It's just that communications technology didn't exist to record the degeneracy.  The lack of communications tech is all that prevented a big government too.  It's not that people were genuinely better or more respectful and empathetic of each other in the past...  Quite the opposite.  It's just that the evil, degeneracy, rudeness etc was inhibited and hidden by a relative lack of technology and public record.

Responses like that mean that they argued in the first place just for the sake of fighting.  It's like getting in a fist fight and hugging the other guy after he knocks you flat.

Yeah, they are treating it as if it were a zero-sum conflict and not a mutual effort to establish the objective truth between two differing perspectives.

I don't think it's likely to be conscious, though.  These people actually have to be correct from an honest person's perspective in order to be in this situation, and there's not much point being a troll who also happens to be correct, is there?

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I had a reaction like that with Smiling Dave.

And it's because I'm not used that people are interested in an honest discussion on this forum - save for a few exceptions. 

I mainly come here to (1) read arguments, (2) improve my own line of arguments (I'm a non-native English speaker). I gave up trying to convince a while ago. I do think some people just ruin the atmosphere. But apparently; it's not so bad as I thought it was. 

The state is not the enemy. The idea of the state is. 

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Marko replied on Tue, Jan 4 2011 7:34 AM

Words are just words, but people treat praise like a dog slobbering on them. Either that, or they come to the internet out of mashochistic self hatred.

You decide.

Oh what, so it's a binary choice now?

 

I hate praise as it limits my manouvering space. It means I now can not be a jerk to the person giving me the praise. I also hate gratitude. They are insidious tactics to use against a discussant and I would never stoop down so low as to use them myself, not even against my worst enemy.

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I. Ryan replied on Tue, Jan 4 2011 7:41 AM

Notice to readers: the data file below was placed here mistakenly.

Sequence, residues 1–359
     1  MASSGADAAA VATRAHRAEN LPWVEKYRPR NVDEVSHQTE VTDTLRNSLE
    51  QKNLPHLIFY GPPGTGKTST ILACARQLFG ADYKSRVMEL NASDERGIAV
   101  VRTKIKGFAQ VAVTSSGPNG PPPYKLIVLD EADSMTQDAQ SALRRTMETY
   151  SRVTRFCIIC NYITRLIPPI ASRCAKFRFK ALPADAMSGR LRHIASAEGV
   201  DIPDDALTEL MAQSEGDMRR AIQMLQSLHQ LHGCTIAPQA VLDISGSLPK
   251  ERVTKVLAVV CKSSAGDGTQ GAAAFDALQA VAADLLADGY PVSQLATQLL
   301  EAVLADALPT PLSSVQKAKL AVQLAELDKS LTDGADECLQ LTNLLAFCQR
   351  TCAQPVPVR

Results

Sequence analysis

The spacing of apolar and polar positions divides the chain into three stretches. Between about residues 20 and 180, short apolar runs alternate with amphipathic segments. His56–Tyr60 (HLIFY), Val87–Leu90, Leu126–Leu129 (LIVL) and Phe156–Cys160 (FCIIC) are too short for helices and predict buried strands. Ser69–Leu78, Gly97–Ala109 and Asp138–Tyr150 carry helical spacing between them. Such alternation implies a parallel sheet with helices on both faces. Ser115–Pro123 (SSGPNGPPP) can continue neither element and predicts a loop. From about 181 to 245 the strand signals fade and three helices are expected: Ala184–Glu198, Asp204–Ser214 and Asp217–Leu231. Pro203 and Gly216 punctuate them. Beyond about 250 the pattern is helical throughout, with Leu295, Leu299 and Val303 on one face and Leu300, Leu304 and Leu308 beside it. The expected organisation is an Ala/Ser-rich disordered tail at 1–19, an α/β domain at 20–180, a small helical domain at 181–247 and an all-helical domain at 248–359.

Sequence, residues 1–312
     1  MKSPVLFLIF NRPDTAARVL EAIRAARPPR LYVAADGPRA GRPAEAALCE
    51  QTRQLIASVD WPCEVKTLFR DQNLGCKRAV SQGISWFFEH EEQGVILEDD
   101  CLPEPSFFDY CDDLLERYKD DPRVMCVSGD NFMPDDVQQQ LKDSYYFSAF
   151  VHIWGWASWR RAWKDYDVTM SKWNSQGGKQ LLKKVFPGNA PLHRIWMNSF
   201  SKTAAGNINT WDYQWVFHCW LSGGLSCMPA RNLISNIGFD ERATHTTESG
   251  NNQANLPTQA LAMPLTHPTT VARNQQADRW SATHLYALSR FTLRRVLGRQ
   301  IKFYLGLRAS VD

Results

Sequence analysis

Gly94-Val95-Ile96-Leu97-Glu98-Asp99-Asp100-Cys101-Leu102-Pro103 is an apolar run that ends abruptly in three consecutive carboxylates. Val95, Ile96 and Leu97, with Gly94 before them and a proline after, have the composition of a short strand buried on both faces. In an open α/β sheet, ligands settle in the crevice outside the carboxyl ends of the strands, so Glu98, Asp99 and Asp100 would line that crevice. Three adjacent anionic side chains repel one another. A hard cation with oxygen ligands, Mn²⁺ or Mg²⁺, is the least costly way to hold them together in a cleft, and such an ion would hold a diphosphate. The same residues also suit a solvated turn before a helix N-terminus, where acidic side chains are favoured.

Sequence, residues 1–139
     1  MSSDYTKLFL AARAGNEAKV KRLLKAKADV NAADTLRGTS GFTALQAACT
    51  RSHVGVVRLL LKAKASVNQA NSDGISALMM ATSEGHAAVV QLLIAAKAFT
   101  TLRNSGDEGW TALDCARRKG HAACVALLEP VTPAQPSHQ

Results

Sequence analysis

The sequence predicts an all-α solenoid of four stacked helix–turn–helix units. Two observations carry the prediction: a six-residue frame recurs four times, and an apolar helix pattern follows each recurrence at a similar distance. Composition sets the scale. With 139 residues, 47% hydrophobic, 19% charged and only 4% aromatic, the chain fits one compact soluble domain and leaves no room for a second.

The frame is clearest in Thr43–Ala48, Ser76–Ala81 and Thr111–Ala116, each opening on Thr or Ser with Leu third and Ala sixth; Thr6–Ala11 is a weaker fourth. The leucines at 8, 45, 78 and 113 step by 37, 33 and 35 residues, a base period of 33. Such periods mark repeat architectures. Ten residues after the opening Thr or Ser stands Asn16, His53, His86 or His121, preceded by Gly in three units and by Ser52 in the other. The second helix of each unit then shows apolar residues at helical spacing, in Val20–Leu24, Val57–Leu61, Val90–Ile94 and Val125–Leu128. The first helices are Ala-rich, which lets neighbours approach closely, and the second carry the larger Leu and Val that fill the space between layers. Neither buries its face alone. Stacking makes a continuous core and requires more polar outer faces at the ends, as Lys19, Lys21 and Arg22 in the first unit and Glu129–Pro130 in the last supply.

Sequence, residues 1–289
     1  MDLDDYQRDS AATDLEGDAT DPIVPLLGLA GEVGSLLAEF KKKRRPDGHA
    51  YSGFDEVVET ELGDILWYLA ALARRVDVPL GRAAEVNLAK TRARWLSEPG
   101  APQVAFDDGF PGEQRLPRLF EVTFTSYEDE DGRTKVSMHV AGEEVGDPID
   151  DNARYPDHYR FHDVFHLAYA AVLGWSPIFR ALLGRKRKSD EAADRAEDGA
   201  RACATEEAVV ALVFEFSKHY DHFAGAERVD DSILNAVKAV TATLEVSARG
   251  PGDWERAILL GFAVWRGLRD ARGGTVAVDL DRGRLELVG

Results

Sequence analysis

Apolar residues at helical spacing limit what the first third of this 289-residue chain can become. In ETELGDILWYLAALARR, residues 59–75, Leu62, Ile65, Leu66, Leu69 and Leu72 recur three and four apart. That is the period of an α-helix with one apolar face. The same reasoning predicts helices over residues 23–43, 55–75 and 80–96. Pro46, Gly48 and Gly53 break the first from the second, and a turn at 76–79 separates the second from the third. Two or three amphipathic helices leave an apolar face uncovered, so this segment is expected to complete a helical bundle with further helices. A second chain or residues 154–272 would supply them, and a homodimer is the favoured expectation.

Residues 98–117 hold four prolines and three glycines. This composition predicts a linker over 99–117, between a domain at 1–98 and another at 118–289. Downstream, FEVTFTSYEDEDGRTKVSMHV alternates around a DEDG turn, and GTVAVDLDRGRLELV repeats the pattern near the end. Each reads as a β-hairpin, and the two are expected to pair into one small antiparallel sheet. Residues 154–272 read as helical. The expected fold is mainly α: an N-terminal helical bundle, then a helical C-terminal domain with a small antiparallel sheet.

Marko:

I hate praise as it limits my manouvering space. It means I now can not be a jerk to the person giving me the praise. I also hate gratitude. They are insidious tactics to use against a discussant and I would never stoop down so low as to use them myself, not even against my worst enemy.

Maybe they don't want you to be a jerk? And maybe they think that, if you can't talk without being a jerk, you're not worth their time (because maybe they're trying to have honest conversation?).

But, then again, maybe you're being sarcastic... I can't tell.

(And, either way, that's a good point. That's probably usually the reason: If you admit that you're wrong or praise them, they can't be a jerk anymore without embarrassing themselves. And a lot of forum posters really like acting like a jerk. For a lot of them, it's why they're there: To have a zero-sum competition with people - to "win" arguments. And to mock people. And to "be right". Or something. Whatever.)

If I wrote it more than a few weeks ago, I probably hate it by now.

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Marko replied on Tue, Jan 4 2011 7:50 AM

But, then again, maybe you're being sarcastic... I can't tell.

I am not being sarcastic. I am merely appreciating the irony of what I am saying.

And maybe they think that, if you can't talk without being a jerk, you're not worth their time (because maybe they're trying to have honest conversation?).